Contrary to the accepted wisdom in the West that regards Islam as a monolithic and unchanging religion and Muslim societies as static, there has always been a great deal of intellectual and religious movement and innovation among Muslim thinkers and theologians. In the 9th century AD, we see the beginning of the rise of the Mu‘tazilites, a group of speculative theologians who believed in a contingent conception of human rationality and free will, as well as people’s responsibility for their actions, while maintaining a notion of God’s justice. They stressed the importance of reason and indeed the primacy of reason vis-à-vis revelation. Very early in the history of Islam, nearly all classical works by Greek and Neo-Platonic writers, as well as ancient Iranian, Indian and Assyrian texts were translated into Arabic.

The fusion of classical learning with Islamic philosophy gave rise to bold philosophical speculation. The history of Islam has seen many innovative and influential philosophers such as the rationalist Ibn Rushd, the agnostic Omar Khayyam, Suhrwardi with his Zoroastrian Ishraqi or Illuminationist philosophy, Mulla Sadra with his transcendental philosophy, mystics such as Rumi and Ibn-Arabi, Ibn Khaldun, the sociologist and historian, and many others. Above all, Islam has given rise to one of the deepest and most beautiful mystical literatures in the world.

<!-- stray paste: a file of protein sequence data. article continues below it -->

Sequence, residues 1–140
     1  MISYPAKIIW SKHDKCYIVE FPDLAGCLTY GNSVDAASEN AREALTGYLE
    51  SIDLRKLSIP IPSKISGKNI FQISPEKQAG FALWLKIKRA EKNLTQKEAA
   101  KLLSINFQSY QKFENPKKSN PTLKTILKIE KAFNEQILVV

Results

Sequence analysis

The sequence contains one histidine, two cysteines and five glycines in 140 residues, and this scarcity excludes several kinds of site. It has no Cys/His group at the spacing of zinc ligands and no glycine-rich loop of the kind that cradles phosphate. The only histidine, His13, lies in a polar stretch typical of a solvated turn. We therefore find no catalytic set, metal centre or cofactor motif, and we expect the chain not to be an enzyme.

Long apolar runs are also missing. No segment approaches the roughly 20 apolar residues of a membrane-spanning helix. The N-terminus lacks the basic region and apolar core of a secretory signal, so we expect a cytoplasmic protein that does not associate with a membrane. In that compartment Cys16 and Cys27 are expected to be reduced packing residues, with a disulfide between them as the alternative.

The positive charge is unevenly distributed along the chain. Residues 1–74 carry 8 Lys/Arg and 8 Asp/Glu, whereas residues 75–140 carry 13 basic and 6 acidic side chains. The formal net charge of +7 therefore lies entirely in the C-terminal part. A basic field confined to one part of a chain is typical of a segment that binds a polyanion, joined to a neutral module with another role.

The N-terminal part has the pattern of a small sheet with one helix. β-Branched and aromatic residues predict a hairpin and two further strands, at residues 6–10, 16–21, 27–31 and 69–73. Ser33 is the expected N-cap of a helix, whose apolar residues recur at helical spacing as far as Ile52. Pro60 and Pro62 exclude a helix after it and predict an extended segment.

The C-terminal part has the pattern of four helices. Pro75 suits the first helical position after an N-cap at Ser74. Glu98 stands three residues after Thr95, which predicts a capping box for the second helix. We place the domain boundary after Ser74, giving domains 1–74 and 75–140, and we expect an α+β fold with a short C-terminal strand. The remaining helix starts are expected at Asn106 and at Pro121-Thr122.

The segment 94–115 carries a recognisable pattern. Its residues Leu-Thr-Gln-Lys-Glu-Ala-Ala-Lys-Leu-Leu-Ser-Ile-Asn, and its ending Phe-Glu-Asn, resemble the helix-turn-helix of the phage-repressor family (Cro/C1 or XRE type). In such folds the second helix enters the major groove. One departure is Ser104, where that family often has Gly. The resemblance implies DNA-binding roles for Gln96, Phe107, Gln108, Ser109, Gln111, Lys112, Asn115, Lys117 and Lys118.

During the early centuries of the Islamic civilisations, Muslims were innovative, tolerant, pluralistic and open to new ideas. This was the period of Muslim supremacy not only in military and political terms, but also in sciences and arts. In fact, one cannot have material progress without freedom of intellect and inquiry.

This glorious period of Islamic civilisations came to an end with the destruction of the ‘Abbasid caliphate. Although later on, the Ottoman Empire in Turkey, the Safavid Empire in Iran and the Mughal Empire in India revived the period of military strength, there was not a commensurate measure of intellectual and scientific progress that could restore the ancient glory of Islamic civilisations. While Muslims neglected science and philosophy in favour of theology and religious controversy, the West emphasised scientific and intellectual freedom and innovation, combined with religious reformation. These developments widened the gap between Islamic and Western civilisations and resulted in the colonisation of most Muslim countries.

Since the beginning of the twentieth century, Islam has been used as a potent ideological force against colonialism, and many Muslim reformers produced militant and fundamentalist interpretations of Islam. However, during the past decade, a number of Muslim reformers have rejected the use of Islam as a political ideology dominated by fundamentalists, and stressed the universality and pluralistic aspects of Islam. Scholars such as Abdol-Karim Soroush, Mohsen Kadivar, Ayatollah Mohammad Mojtahed-Shabestari in Iran, Sheikh Rashid Ghannouchi from Tunisia, and many other reformers are putting forward new and innovative ideas, and are challenging Islamic orthodoxy. This presentation focuses on the thought and writings of these reformers.